The city’s first LGBT-friendly affordable senior housing opens in Fort Greene

December 18, 2019

Rendering courtesy of BFC Partners and Marvel Architects

New York City’s first affordable LGBT-friendly senior housing complex has opened in Fort Greene. Originally called the Ingersoll Senior Residences, the project—which is the first to be completed under the city’s controversial plan to lease NYCHA land to private developers—was dubbed Stonewall House in honor of the 1969 riots that launched the modern LGBT movement. The building comprises 145 apartments that will be available to seniors 62 years and older who make 50 percent or less of the area median income, with 25 percent of the units set aside for formerly homeless tenants.

Rendering courtesy of BFC Partners and Marvel Architects

The project is the result of a partnership between NYCHA, BFC Partners, SAGE, the New York City Housing Development Corporation (HDC), and the Department of Housing Preservation and Development (HPD). Per New York’s Fair Housing mandate, the building’s population will not be limited to a specific sexual orientation. Although New York’s housing affordability crisis impacts households of all backgrounds and demographics, older LGBT people are statistically more likely to face housing discrimination and harassment while being less likely to have children or family members to provide support as they age.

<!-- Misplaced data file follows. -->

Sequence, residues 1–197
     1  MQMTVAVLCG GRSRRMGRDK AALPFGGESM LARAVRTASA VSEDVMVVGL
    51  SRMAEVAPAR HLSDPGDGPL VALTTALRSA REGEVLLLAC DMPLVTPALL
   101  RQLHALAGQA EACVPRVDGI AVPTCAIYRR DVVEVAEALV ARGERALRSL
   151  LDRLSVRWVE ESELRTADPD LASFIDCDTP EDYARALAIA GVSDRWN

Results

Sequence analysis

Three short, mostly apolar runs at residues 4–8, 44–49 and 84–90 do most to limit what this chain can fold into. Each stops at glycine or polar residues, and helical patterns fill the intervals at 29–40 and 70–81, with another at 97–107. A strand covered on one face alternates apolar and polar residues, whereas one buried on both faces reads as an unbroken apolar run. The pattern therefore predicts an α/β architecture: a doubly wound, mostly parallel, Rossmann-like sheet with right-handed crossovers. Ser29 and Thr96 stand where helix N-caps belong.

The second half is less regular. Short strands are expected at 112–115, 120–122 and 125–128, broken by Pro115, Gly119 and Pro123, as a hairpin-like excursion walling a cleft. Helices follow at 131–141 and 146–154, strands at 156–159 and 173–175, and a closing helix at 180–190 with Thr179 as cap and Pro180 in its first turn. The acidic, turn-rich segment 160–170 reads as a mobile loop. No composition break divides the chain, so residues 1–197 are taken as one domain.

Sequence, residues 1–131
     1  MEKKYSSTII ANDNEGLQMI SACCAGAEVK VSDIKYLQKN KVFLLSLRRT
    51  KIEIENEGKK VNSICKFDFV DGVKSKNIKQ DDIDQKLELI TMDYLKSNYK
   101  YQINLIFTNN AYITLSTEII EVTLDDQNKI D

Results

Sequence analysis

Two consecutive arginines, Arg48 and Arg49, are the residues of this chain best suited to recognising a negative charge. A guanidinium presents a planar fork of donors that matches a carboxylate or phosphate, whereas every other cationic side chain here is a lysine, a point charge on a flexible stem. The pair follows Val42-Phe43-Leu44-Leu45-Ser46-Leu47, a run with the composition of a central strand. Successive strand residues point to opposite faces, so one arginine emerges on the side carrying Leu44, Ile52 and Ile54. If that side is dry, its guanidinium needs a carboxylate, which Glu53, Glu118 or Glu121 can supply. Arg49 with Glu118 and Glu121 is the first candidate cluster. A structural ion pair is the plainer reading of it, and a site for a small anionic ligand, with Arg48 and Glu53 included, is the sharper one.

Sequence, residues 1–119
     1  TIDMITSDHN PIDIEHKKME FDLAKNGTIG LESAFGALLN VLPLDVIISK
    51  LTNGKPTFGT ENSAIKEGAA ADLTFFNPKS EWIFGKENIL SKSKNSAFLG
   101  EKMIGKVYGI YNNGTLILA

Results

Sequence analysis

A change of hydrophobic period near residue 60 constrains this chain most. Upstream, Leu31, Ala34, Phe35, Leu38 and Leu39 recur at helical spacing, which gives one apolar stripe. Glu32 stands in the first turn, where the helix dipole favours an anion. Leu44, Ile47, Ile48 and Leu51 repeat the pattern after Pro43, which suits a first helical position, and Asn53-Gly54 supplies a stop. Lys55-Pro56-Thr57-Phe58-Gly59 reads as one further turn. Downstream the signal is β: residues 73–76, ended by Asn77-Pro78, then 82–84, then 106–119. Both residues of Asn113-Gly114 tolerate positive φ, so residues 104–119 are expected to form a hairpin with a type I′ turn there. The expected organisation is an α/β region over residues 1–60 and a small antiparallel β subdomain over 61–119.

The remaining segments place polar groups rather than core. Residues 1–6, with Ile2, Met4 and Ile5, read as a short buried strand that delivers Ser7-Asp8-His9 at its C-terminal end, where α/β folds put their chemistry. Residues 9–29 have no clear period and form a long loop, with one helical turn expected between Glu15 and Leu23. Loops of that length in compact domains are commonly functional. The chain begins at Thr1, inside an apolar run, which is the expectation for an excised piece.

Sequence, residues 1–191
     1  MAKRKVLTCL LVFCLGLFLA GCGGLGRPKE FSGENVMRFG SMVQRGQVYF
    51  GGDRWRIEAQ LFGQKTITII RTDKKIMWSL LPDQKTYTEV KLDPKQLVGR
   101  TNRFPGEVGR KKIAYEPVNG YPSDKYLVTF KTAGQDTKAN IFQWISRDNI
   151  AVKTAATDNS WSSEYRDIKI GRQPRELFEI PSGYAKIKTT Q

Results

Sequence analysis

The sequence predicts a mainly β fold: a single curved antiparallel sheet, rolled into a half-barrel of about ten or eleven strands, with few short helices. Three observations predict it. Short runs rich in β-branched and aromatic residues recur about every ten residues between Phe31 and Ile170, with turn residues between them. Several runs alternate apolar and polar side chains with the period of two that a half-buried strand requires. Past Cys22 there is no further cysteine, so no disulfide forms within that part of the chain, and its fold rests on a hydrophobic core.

The 17-story building at 112 Edwards Street in Fort Greene was designed by Marvel Architects on unused land on the larger Raymond V. Ingersoll Houses NYCHA property. The building has 54 studio and 91 one-bedroom apartments in addition to laundry facilities, a communal lounge, reading/card room, roof deck, and landscaped terraces. SAGE, an organization focused on LGBT elders, will operate a 7,000 square-foot community center on the ground floor. It’s expected to open in early 2020.

“Getting to live here is a dream come true,” said Diedra Nottingham, a Stonewall House resident. “I am so excited to move into this building and be part of a community that is LGBT-friendly. I was born and bred in Brooklyn and coming back to the area is like coming home.”

Residents are beginning to move in and will do so throughout January. This isn’t the first project of its kind in the nation—NYC is behind similar initiatives in Los Angeles, Philadelphia, Chicago, and Minneapolis—but it is the largest.

“It’s no exaggeration to say that LGBT elders in New York City have been working for 50 years for a place they can truly call home—since they stood up and said ‘no more’ back at Stonewall in 1969,” said Michael Adams, CEO of SAGE. “The Mayor’s ten-year housing plan encouraged developers of senior housing to partner with LGBT nonprofit service providers in order to provide inclusive affordable housing opportunities for LGBT elders, and we are proud that this is the first building to accomplish that mandate.”

A housing lottery for 57 units in a similar project at 775 Crotona Park North in the Bronx—which will combine low-income housing with an LGBT-oriented Senior Center on the ground floor—is currently open for applications through January 2.


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